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Sears Holdings Taps Schultz for Apparel Design

The top apparel and home design executive at Kmart, Lisa Schultz, has been named executive vice president of Sears Holdings Apparel Design.

NEW YORK — The top apparel and home design executive at Kmart, Lisa Schultz, has been named to oversee all apparel design teams as executive vice president of Sears Holdings Apparel Design, a new position.

The Schultz appointment reflects an effort to bolster the look and quality of apparel offerings and improve margins, although it is believed that Edward S. Lampert, chairman of Sears Holding Corp., has been primarily focused on selling assets. Sears Holdings is the parent of the Sears and Kmart chains.

Schultz intends to build the design team to further the development of private label merchandise. Key fashion labels at Sears include Lands’ End, Apostrophe and Covington. Kmart’s key private brands are Jaclyn Smith, Route 66, Attention and Thalia.

Competitors such as Federated Department Stores, Target and J.C. Penney have more successful private label apparel programs.

However, Sears Holding is stronger in hard goods, selling private brands such as Kenmore, Craftsman and DieHard at Sears stores and Martha Stewart Everyday at Kmart. The company is considered a leader in selling tools, lawn and garden products, home electronics and automotive repair supplies.

Schultz, who was senior vice president of design for Kmart, had been reengineering Kmart’s proprietary fashion and home businesses, applying what she learned during 14 years at Gap Inc. to the mass channel.

Kmart merchants began functioning more like general managers, rather than selecting goods, and the intent was to exert tighter control over the designs, pricing and quality controls. Kmart has shown some improvement emphasizing key items and outfits, improving the flow of goods to the shelves and eliminating a lot of labels that meant nothing to consumers. Last year, Kmart’s women’s, men’s, kids’, accessories and jewelry were estimated at $5 billion in sales.

“In two years, Lisa has assembled a team of talented and enthusiastic designers and has refashioned and defined the Kmart apparel line,” Lampert said in a statement. “She has also been a valuable contributor to the development of our strategy. Lisa’s demonstrated ability to attract, retain and develop creative talent will be critical as she expands our combined design organization and works with our valuable design associates in New York City [where Kmart has a design studio] and Hoffman Estates [Ill.],” where Sears has a design studio.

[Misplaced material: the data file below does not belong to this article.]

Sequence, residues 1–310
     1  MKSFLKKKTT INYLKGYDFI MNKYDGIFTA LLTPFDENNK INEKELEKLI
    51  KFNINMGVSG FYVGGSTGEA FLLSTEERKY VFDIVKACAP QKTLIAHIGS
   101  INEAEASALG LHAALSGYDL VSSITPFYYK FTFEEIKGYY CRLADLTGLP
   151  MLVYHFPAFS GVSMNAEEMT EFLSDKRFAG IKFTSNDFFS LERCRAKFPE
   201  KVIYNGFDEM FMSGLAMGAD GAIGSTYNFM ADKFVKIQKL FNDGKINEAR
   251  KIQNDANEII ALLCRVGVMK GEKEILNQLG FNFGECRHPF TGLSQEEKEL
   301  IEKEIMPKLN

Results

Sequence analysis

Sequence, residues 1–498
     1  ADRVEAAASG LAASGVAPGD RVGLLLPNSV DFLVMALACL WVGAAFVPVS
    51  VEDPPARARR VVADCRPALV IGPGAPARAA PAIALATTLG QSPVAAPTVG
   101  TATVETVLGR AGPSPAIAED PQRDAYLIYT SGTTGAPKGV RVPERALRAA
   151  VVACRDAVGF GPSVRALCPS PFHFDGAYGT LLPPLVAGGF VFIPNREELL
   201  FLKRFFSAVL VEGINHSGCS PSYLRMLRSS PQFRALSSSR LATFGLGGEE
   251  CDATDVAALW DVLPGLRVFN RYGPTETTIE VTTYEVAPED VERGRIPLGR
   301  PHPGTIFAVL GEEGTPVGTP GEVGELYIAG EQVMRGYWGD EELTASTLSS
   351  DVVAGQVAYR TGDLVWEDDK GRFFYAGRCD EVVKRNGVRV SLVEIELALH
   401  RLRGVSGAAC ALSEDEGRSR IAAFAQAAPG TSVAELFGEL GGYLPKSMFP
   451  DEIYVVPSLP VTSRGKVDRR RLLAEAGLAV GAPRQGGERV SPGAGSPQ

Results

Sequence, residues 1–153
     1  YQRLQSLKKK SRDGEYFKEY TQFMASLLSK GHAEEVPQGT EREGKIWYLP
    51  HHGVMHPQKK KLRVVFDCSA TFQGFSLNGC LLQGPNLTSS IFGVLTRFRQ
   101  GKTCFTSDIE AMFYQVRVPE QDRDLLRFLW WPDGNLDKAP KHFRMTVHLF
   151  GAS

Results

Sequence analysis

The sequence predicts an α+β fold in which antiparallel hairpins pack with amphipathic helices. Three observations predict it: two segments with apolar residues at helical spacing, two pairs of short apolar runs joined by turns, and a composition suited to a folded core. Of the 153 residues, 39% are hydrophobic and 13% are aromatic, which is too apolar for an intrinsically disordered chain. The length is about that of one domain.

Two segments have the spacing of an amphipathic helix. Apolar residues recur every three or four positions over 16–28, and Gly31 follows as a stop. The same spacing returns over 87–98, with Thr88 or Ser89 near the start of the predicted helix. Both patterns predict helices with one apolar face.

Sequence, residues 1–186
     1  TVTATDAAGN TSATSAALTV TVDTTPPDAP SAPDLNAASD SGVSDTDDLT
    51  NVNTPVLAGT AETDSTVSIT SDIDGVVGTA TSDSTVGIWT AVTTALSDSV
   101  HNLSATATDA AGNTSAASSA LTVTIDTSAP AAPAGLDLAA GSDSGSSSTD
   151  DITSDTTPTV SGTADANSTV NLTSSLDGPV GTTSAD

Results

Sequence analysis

Schultz will report directly to Lampert and have responsibility for all of Sears’ and Kmart’s apparel design teams, raising the possibility that there will be more sharing of merchandise between the two chains in the future, and similarities in the development of fashion offerings. Sears Holding declined to comment on that possibility, or discuss how much of the company’s overall sales volume is represented by private label.

Sears Holdings had $55 billion in annual revenues last year, and operates 3,900 full-line and specialty stores in the U.S. and Canada.

Before joining Kmart in 2003, Schultz was executive vice president of product development and design at Gap for 14 years. In an interview with WWD last year, Schultz said, “I’m not afraid to bring great design to the people. I am very practical. I feel like I understand what the customer wants.”

Sears continues to search for a chief merchant to replace Louis Padilla, who left about a month ago. In addition, the Kmart division is searching for a chief marketing officer to replace Paul Guyardo, who departed last month to work for Direct TV.